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CrescentCare Start Initiative: An Intervention to End

the Epidemic

Jason Halperin, MD MPH


I have no financial disclosures.
Objectives

• Brief rationale for immediate initiation of HIV


antiretroviral therapy
• Describe CrescentCare’s procedure to provide
this service
• Review data from immediate start
intervention at CrescentCare
Where is HIV now?
Why Push for Earlier ART?
• Shifting guidelines (DHHS and WHO)
• High attrition rates between time of positive HIV test and ART initiation
• Delays in treatment are associated with
– Increased mortality
– Diminished CD4 recovery
– Avoidable hospitalizations
– Higher costs of treatment for opportunistic
infections
– HIV transmission
• Improved ART tolerability and durability
• Lower risk for viral resistance with current ART regimens
Lessons From Other
International Models
• Same-Day ART (SDART; Haiti)1 • Home-Based Testing (CASCADE;
– Same-day ART vs SOC (RCT; n=280 in Lesotho)2
each group) Positive in-home−based test → same-day
– Inclusion: adult; TN; WHO stage 1 or 2; ART vs SOC (RCT; n=137 in each group]
CD4 ≤500 – Intervention: posttest counseling; pamphlet
– Intervention: ART offered day 1 on ART adherence; POC CD4 and SCr;
– Study stopped due to significance of ART; follow-up at health facility in 14−28
SDART results days
• ART initiation rates – Primary outcome:
• Alive and in care at 12 months (80% vs • Increased rates of linkage to care (69%
72%) vs 43%) by 3 months
• Alive with undetectable VL (53% vs 44%) • VS at 12 months (51% vs 34%)
– Secondary outcome: increased retention at
12 mo
NS, nonsignificant difference; POC, point of care; RCT, randomized control trial; SCr, serum creatinine; SOC, standard of care; WHO, World Health Organization.
1. Koenig S, et al. PLoS Med. 2017. http://journals.plos.org/plosmedicine/article?id=10.1371/journal.pmed.1002357. Accessed May 3, 2018; 2. Labhardt ND, et al.
JAMA. 2018;319(11):1103-1112. Accessed May 3, 2018; 3. Amanyire G, et al. Lancet HIV. 2016;3(11):e539-e548. Accessed May 3, 2018.
San Francisco General Hospital
RAPID Model
HIV+ Diagnosis 1st Clinic Visit 1st PCP Visit ART Start Viral Load
• Disclosure • Registered • Medical evaluation • Pills taken Suppressed
• Referral • Insured • ART criteria met • VL monitoring
• Scheduling • Housing/SU/MH • Adherence
• Counseling • Retention
• Labs

RAPID Visit and ART Start


• Disclosure, counseling, registration
• Insurance
PCP visits
• Housing/SU/MH • VL monitoring
• Labs • ART management
• Counseling • Adherence
• Medical eval • Retention

Pilcher CD, et al. J Acquir Immune Defic Syndr. 2017;74(1):44-51.


RAPID
Uptake of Same-Day ART
Rapid Universal Key Sociodemographics
97.4 100
100 94.9
89.7 RAPID Universal
n=39 n=47
80
Patients on ART, %

63.2 Homelessness 11 (28%) 13 (25%)


60
Uninsured 39 (100%) 47 (100%)
40
26.3
20 14 15.8 Illicit Substance
18 (46%) 18 (38%)
Use
0
0 1 7 30
Days After ART Offer/Clinician Visit

Pilcher CD, et al. J Acquir


Immune Defic Syndr.
2017;74(1):44-51.
Key Facilitators of RAPID Intervention

• Same-day appointments
• Flexible provider scheduling (on-call back-up)
• ART-regimen preapproval prior to genotyping or lab
testing
• Availability of 5-day ART starter packs (Oh, San
Francisco!...)
• Accelerated process for health-insurance initiation
• Observation of first ART dose in clinic (recommended)

Pilcher CD, et al. J Acquir


Immune Defic Syndr.
2017;74(1):44-51.
CrescentCare Start Initiative (CCSI):
Patients diagnosed are seen by a
provider within 72 hours (optimally
same-day) and provided 30 days of ART.

Early Intervention Services (EIS): Same


protocol but patients contacted our
clinic over 72 hours since diagnosis.
Range: 4 days – 22 years
What Is CrescentCare?
• Started as an ASO in 1984.
• FQHC in 2016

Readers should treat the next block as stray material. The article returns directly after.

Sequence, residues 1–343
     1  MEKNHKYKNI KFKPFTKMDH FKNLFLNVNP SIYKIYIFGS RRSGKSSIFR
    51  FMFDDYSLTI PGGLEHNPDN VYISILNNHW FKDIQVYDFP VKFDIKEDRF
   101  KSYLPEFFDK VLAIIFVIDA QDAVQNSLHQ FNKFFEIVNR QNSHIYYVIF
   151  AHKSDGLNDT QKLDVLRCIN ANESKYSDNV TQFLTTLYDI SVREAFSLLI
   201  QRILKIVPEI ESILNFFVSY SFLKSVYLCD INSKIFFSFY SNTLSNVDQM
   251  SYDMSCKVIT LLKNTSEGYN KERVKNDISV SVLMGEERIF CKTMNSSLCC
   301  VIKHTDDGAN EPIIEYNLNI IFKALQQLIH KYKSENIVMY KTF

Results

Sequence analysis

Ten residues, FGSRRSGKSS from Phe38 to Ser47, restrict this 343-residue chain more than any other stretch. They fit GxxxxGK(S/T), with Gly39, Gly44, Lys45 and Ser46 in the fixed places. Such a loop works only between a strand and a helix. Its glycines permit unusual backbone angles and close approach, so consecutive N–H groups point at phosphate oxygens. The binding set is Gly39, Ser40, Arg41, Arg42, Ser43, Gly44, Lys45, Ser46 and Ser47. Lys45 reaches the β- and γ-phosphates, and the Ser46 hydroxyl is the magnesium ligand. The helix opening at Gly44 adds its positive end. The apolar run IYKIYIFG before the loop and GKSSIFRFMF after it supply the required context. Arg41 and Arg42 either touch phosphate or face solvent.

• Primary care for adults, adolescents
children
• Specialty care for people living with HIV
• Free HIV and STI testing through our
sexual wellness clinic
• Community-wide/venue based HIV/STI
Testing
• Dentistry
• PrEP clinic
• Transgender clinic
• Psychiatric services
• Addiction Medicine
• Case management, behavioral health,
peer support, insurance enrollment
assistance
Total numbers
• Project started: 12/1/2016
• First CCSI Patient Seen: 12/6/2016
• Expanded to EIS: 12/21/2016

Total numbers: 253


• 153 CCSI
• 100 EIS
Procedure
• Testing:
Courthouse, Healthcare for the Homeless, Venue-
based, Movement, CAN, Brotherhood, STI Clinic
• Internal Referrals:
Client brought down to clinic, linkage navigator
notified for data tracking purposes
• External Referrals:
Planned Parenthood, Tulane Uptown Medical
Care, UMC, Tulane Hospital, Ochsner, local PCP
Procedure/Methods
Medical Provider Visit:
- HIV Lifecycle, importance of adherence, U=U
discussed
- Comorbidities assessed
- Diagnosis verified
- Provider option to not rx, alter medications if
suspected resistance
- 30 day-supply of TAF/FTC/DTG
- DOT
Procedure/Methods
• Meet with Eligibility and enroll in
Medicaid/RW services
• Labs drawn including cbc, cmp, HIV rna, CD4
count, genotype, hla-b5701 etc.
• Referral for case management only if
necessary ie homelessness, significant drug
use
Linkage specialist contacted by Appointment scheduled with
Patient confirmed positive
cellphone. 24 hour phone line provider, labs, eligibility.

Uber transportation DIS called to verify that the


Patient completes
for patient arranged patient is truly treatment
registration form, fqhc form,
if needed. naive/newly dx.
signs consents.

Provider 15-min appointment &


If patient has active Medicaid,
dispenses first dose of ARVs in
send rx to Pharmacy and pick it Intake labs drawn.
office and explains the importance
up same day.
of adherence. DOT

Linkage coordinator verifies that Patient completes Ryan White


the patient attends the follow up paperwork and Medicaid app/ Follow-up appt scheduled for 3-4
provider visit. Then patient is LAHAP app as needed. Future weeks with HIV-RNA repeated at
referred to CHWs for future assessment scheduled with case that time.
follow up. manager.
CCSI/EIS Data Review

• Inclusion Criteria: clients enrolled into CCSI or EIS


program from December 2016 through October 1,
2018

Total included for data review = 235


• 147 CCSI
• 88 EIS
Data Review Presented Today

• 9 possible CCSI Patients • 7 EIS referred but never


diagnosed but not linked linked – (one passed away
within 72 hours. before appointment.)

• 6 of those 9 were not linked • 2 EIS patients refused


at all. medications on day of
diagnosis

• 4 EIS patients were not


started on ARVs due to being
sent to ER at first visit.
Age & Gender
• Median Age (CCSI) = 29
• Median Age (EIS)= 29
EIS
CCSI